Federal Law No. 11079, 2004 [PPP LAW] instituted the general rules for bidding and contracting of Public-Private Partnerships (PPPs) within the realm of public administration. This is an important volley in the Brazilian government efforts to develop funding and management alternatives for public works in furtherance of the bidding system instituted by the Federal Law No. 8666, 1993 [Brazilian BIDDING LAW] and to reduce the state presence in the Brazilian economy.

Firstly introduced in the Anglo-Saxon world as an alternative to privatization and to the former system, under which the government administration was responsible for ownership, maintenance and operation of assets of public interest, PPPs are now a widespread concept in many countries, operate as an arrangement between the public authorities and the private sector for the performance of large-sized works and utility services, by means of sponsored or administrative concessions, sharing the venture risks and primarily counting on private funding.

The bill of the PPP LAW as “an indispensable alternative for economic growth in view of Brazil’s critical needs on the social and economic fronts, to be addressed by a positive cooperation between the public and private sectors” and it was passed by the Congress at a fast pace. This serves as a good measure of the urgency and importance that the Federal Government has attached to this matte, certainly in response to the pressure brought to bear by state governments, notably the States of Minas Gerais and São Paulo, in addition to the private initiative, but may also give a false impression that the issue has not been sufficiently discussed by the Brazilian Legislative.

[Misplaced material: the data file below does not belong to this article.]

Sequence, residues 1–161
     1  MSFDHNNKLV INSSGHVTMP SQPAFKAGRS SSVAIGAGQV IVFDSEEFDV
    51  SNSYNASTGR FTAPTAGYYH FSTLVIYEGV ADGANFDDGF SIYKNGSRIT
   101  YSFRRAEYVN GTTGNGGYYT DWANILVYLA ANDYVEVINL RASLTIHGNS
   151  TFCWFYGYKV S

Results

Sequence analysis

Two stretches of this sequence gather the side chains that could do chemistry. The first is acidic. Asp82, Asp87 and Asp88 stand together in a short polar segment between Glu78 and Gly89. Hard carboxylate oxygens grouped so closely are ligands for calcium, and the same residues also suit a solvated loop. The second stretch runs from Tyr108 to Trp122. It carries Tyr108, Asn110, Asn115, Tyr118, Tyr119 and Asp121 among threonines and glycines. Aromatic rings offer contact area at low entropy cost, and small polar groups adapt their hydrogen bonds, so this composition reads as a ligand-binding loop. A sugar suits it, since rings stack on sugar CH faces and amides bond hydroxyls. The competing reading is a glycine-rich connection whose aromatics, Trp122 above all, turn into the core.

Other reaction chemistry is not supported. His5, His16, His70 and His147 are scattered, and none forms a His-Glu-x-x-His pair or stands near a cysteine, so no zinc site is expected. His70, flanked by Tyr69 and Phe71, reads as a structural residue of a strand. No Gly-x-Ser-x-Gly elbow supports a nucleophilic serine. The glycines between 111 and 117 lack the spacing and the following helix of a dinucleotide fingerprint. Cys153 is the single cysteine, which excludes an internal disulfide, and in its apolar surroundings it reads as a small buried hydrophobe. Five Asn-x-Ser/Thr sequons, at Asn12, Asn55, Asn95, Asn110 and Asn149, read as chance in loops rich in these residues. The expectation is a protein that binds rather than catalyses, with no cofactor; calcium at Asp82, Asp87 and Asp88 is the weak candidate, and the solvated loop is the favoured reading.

The driving force behind this expeditious congressional passage of the draft bill into PPP LAW was probably the well-known critical shortage of public funds to sponsor infrastructure works and utility services and to meet the demand resulting from the country’s announced economic growth spurt. This shortage of public funds, coupled with the private sector’s lack of interest in taking over such works and services under the traditional concession system, may help explain why infrastructure investments have come to a near halt.

Contrary to the fears of a supposed lack of in-depth discussions over this issue, justice should be done to the numerous debates among the political forces and civil society concerning the most controversial points underlying the PPPs, notably in relation to:
(a) Bidding procedures; the origin of public funds to make up the Public-Private Partnership Guarantee Fund under Article 16 of PPP LAW;
(b) The priority given to settlement of financial obligations under PPPs;
(c) The role of Special Purpose Companies in the venture;
(d) The limitations imposed by Federal Law No. 101, 2000 [FISCAL RESPONSIBILITY LAW]; and
(e) The possibility of adopting arbitration as an alternative dispute resolution mechanism for PPPs.

The introduction of legal mechanisms of such a magnitude conceivably arouses a number of doubts and questions. However, approval of PPPs has undoubtedly represented a great victory for the Lula da Silva’s Administration, especially by offering a wide array of possibilities for the presence of private concerns in key sectors of the Brazilian economy, the reason why the great expectations and discussions over the role of PPPs in Brazil are far justifiable.

In fact, according to data published by the Ministry of Planning, Budget and Management, based on the Government’s Multiyear Plan, it has been estimated that investments equalling 21.7% of Brazil’s Gross Domestic Product will be required to resume and sustain the country’s economic growth (Source: www.planejamento.gov.br). The studies conducted to prepare the Government’s Multiyear Plan, which is aimed at resuming economic growth and has as its greatest challenge to expand investments and exports without hindering the commitment of increasing domestic consumption, evidence the Government’s need of tools that can help it overcome the obstacles to economic growth.

To achieve its purpose, the Federal Government prepared a portfolio containing projects that should be developed with the participation of the private sector. Investments needs were estimated at approximately hundreds of billions of US Dollars in the transportation (railways, highways and ports), irrigation and water resources areas in the country’s five major regions (www.planejamento.gov.br).

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